I am writing a dissertation on the sense of agency. I am particularly focused on cases from psychopathology in which the experience of agency is in some sense illusory. I also work on the philosophical conception of willpower and its relation to the sense of agency and mental disorder. More generally, I am interested in theorizing about mental illness with an aim toward adding new empirical data and philosophical perspectives to existing debates within philosophy of mind and action.
Anorexia Nervosa: Illusion in the Sense of Agency
(forthcoming in Mind & Language)
Click here to download a preprint draft of the article.
Abstract: The aim of this paper is to provide a novel analysis of anorexia nervosa (AN) in the context of the sense of agency literature. I first show that two accounts of anorexia nervosa that we ought to take seriously—i.e., the first personal reports of those who have experienced it firsthand as well as the research that seeks to explain anorexic behavior from an empirical perspective—appear to be thoroughly in tension with one another in their descriptions of anorexic actions. Rather than proceeding at this point by way of disregarding anorexic testimony as meaningless or insincere, I instead offer a positive account of the sense of agency in anorexia nervosa that renders these two depictions compatible. The resultant picture of anorexic behavior is one that accommodates current empirical findings while also providing valuable insight into how it is that anorexics can sincerely report feeling fully in control over their food restriction.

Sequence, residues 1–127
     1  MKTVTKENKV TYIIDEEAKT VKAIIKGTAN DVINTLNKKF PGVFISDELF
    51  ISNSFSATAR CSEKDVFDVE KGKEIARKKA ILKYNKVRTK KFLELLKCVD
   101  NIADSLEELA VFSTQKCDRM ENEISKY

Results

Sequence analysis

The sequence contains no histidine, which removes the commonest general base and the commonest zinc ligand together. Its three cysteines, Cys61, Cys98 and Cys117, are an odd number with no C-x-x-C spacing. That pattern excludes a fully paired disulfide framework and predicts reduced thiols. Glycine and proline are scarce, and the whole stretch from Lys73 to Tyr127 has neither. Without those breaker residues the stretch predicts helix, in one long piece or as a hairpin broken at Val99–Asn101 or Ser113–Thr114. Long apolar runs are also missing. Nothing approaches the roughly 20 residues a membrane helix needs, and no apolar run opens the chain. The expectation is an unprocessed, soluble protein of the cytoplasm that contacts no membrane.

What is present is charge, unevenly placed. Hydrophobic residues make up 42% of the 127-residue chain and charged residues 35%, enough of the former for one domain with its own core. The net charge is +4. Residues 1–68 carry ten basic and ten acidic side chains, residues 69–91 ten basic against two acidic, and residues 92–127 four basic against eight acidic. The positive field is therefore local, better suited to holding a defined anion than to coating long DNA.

Addiction and Willpower: Solving the Mismatch Problem
In this paper I challenge the common assumption that chronic addiction is in some way connected to, or is partially caused by, deficient willpower. I do this by highlighting the fact that standard drug addiction shares deep neurological and behavioral similarities with anorexia nervosa, a disorder commonly associated with above-average willpower. This in turn generates what I call the "mismatch problem" between the commonsense notion of willpower and addiction broadly construed. I resolve this problem by arguing that the phenomenology that is often tied to the exercise one's will in the case of addictive desires has been misidentified by philosophers. After providing my own positive account of the phenomenology in question, I suggest a way forward in developing a theory of chronic addiction in light of the findings from the paper. This project overlaps with and can be seen as a further development of my paper on the sense of agency and anorexia.